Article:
It feels good to get mad. I will admit that freely. The energy that accompanies anger is exciting and there is nothing like a good vent, a well timed swear word, or the feeling of chucking something across a room. I think many of us live in such orderly, civilized little worlds that there isn't enough opportunity to let loose and expend a lot of the energy we have pent up, and when the opportunity strikes and we feel justified by unfairness or frustration to lash out, it's hard to resist.
I confess that on more than one occasion when my kids' rooms have become such horrible, ankle-deep messes and it takes me hours to dig through it and sort it out, that I have yelled and screamed and thrown things against a wall. And then I feel terrible and stupid and not at all like the grown up I am supposed to be. It's just hard to not be listened to over and over and over, and sometimes it's too much. The repetition of pointless feeling tasks when there is so much I'd rather do tries my patience like nothing else and at certain moments I lose it. I tell my kids (by which I really just mean Aden, who is now 10 and is at least improving in this area) that if they just do what I ask when I ask I would not be driven to yell.
I've never lost it to the point where I've directed any physical anger on anyone--just at some unfortunate legos or pieces of a train set--but the yelling still isn't good. And except in rare circumstances it doesn't really help. (For those times it does? I've stopped feeling guilty about those.)
During Ian's deployments, when I had to do everything alone and the lack of sleep combined with stress was taking a dangerous toll, I flew off the handle more frequently. Small infractions felt intolerable. Now that Ian's home and I'm able to not only share the chores but retreat to my store regularly, I feel much more sane. A break, some help, a little distance from the constant neediness, makes it possible for me to pause and think instead of simply reacting too quickly. I'm a better parent when I have the space to consider what I'm doing instead of getting mad. That's an obvious statement, which I suppose is why I feel so guilty when I yell. Because I know better. But knowing and being able to do are sometimes very different things.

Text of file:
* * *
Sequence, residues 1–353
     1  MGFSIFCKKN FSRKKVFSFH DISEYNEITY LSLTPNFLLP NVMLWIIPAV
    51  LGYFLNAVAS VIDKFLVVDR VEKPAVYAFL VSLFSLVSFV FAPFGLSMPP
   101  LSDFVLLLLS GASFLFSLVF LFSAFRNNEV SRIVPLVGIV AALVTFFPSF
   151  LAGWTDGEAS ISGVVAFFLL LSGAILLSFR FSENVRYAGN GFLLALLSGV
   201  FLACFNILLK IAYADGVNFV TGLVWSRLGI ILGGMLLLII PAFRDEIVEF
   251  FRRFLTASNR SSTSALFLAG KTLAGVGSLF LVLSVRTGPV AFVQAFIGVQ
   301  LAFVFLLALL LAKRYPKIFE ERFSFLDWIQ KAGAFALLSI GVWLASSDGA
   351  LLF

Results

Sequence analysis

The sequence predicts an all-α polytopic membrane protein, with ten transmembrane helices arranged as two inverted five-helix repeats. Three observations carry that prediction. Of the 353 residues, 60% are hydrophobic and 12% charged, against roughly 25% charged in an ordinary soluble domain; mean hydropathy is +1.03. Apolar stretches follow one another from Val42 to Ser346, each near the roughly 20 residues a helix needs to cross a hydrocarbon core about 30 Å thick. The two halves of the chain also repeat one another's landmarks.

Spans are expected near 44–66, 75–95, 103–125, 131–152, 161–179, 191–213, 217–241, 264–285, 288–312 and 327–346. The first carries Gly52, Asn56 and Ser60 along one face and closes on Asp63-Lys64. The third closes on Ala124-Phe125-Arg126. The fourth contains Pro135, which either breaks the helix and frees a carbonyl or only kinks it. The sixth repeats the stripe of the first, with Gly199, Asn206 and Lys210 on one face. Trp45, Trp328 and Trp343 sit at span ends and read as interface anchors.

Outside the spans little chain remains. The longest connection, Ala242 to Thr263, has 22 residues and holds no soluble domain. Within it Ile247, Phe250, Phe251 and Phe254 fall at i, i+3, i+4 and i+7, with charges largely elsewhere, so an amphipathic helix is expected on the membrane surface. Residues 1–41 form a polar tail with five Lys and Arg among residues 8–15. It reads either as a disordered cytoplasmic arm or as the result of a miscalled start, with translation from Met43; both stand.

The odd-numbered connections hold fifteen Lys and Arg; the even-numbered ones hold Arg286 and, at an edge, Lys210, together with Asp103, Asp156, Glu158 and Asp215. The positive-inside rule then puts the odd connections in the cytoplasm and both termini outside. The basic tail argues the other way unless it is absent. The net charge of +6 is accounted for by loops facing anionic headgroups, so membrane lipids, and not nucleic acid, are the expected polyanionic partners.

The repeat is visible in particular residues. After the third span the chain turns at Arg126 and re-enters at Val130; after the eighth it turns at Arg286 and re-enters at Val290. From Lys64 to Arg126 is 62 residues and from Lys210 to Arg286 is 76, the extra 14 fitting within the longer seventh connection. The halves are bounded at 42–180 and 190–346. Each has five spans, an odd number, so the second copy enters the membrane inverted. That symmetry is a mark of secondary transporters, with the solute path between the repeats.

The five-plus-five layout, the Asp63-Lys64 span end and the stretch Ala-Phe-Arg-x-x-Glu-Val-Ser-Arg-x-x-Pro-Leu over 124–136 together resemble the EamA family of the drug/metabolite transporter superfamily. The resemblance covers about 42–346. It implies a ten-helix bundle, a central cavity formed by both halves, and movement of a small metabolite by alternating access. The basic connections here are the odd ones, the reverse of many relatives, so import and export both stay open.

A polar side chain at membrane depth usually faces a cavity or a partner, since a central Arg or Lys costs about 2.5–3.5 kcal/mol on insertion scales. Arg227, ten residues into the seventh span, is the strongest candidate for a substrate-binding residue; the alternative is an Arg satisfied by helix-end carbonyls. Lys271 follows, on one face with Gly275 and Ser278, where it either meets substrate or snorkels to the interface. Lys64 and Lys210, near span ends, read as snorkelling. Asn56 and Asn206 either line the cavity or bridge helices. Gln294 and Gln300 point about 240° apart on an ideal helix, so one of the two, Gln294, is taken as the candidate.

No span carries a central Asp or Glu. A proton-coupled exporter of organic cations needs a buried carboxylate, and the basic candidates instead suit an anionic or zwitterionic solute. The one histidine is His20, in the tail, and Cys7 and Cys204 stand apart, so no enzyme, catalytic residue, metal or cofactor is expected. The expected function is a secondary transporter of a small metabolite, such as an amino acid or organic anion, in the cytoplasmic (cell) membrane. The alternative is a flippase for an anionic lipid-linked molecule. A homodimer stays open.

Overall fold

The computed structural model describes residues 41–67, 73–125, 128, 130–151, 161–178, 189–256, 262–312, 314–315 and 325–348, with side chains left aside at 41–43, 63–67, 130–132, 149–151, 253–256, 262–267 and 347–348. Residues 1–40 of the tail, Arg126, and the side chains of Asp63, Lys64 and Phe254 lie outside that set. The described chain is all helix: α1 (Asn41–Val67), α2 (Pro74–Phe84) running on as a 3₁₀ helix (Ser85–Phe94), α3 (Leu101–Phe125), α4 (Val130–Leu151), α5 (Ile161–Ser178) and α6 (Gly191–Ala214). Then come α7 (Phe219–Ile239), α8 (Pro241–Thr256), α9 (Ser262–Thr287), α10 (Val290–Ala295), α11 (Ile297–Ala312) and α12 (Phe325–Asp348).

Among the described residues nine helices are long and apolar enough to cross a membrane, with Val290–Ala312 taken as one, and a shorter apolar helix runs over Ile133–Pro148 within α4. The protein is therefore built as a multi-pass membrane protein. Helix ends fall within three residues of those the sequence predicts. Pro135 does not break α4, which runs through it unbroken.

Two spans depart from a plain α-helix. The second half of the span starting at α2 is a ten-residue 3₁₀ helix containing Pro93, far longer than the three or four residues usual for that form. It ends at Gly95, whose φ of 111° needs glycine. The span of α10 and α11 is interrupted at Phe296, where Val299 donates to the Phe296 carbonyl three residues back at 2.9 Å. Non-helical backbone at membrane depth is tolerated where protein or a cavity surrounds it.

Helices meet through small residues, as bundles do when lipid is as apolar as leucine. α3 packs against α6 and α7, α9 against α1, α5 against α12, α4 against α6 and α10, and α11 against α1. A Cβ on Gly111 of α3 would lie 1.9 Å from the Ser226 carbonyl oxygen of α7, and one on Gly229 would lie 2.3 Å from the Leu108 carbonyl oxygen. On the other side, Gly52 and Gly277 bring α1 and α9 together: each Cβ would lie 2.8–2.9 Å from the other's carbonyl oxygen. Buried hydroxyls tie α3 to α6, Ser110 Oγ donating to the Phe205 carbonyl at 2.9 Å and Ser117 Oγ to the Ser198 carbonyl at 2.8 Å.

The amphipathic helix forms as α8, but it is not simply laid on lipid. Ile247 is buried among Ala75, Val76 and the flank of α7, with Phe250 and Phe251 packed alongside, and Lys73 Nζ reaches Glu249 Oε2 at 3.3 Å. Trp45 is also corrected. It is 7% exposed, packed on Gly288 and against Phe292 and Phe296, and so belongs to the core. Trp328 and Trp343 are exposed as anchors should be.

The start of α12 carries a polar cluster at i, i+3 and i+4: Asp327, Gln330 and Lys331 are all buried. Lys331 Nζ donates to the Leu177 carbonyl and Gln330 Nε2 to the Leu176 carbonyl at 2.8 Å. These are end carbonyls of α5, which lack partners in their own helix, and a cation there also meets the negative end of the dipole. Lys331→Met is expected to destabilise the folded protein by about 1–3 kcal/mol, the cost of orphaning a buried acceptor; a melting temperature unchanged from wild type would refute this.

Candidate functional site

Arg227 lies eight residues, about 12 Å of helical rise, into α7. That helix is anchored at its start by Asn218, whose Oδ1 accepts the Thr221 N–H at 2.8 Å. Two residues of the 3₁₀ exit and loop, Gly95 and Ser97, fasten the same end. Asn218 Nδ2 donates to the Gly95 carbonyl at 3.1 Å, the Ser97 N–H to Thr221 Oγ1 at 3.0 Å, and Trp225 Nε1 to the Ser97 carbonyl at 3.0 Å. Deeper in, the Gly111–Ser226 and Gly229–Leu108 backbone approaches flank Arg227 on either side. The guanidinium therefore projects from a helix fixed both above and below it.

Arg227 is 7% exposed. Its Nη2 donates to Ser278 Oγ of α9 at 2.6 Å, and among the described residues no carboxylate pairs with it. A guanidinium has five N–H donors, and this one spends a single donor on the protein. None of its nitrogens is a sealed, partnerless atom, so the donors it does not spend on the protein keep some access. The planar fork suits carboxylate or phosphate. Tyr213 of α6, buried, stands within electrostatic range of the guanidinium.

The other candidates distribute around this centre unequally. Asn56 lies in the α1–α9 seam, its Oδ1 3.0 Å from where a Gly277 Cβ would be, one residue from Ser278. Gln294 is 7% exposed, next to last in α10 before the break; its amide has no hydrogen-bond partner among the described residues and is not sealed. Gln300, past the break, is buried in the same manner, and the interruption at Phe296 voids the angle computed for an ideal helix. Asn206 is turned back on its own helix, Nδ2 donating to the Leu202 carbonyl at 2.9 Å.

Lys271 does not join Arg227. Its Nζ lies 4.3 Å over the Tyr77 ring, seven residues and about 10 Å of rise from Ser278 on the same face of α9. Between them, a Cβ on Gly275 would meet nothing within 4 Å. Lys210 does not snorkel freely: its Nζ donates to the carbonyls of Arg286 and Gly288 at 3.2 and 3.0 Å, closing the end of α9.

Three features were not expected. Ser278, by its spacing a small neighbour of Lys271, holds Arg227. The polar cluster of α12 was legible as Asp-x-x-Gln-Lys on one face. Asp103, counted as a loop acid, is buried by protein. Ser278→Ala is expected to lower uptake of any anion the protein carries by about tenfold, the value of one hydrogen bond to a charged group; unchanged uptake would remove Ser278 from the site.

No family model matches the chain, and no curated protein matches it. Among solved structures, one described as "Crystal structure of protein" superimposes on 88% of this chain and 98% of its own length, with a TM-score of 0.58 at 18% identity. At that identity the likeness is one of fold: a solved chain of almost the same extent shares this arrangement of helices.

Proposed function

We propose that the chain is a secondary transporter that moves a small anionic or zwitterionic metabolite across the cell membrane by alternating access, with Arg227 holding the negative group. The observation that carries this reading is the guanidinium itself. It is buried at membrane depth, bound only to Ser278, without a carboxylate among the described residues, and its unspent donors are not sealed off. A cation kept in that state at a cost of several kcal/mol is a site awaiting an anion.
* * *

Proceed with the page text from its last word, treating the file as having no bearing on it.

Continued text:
So I was pleased at the cottage recently to have a rare parenting moment where I got to see the value of not getting mad. It made enough of an impression on me that I am going to try to keep the experience toward the front of my mind for the next time things get to be too much and I'm tempted to lose my cool.
Aden is a very sweet and sensitive person. She hates to disappoint me. Her biggest flaw is her penchant for being distracted (meaning I can send her into the next room for something and she ends up playing with the dog or watching TV and I have to call for her to get back on task). She doesn't always tell the truth and she hides evidence of small transgressions, but she's better than I was at her age so I don't worry about it. Overall she's incredibly responsible, a good big sister, and a sweetheart.
But when you put people with their peers they can change. I know I still get to be one version of myself with my high school friends that isn't exactly who I am normally. There is a freedom that comes with that context. So I understand that when I see it in my kids. It would be odd if they interacted with their friends the same way they did with me. When I see Aden take on a different laugh or a new cadence to her voice to entertain someone she's hanging out with for the afternoon, it's okay. But I always pay attention because sometimes we can be inspired to change too far.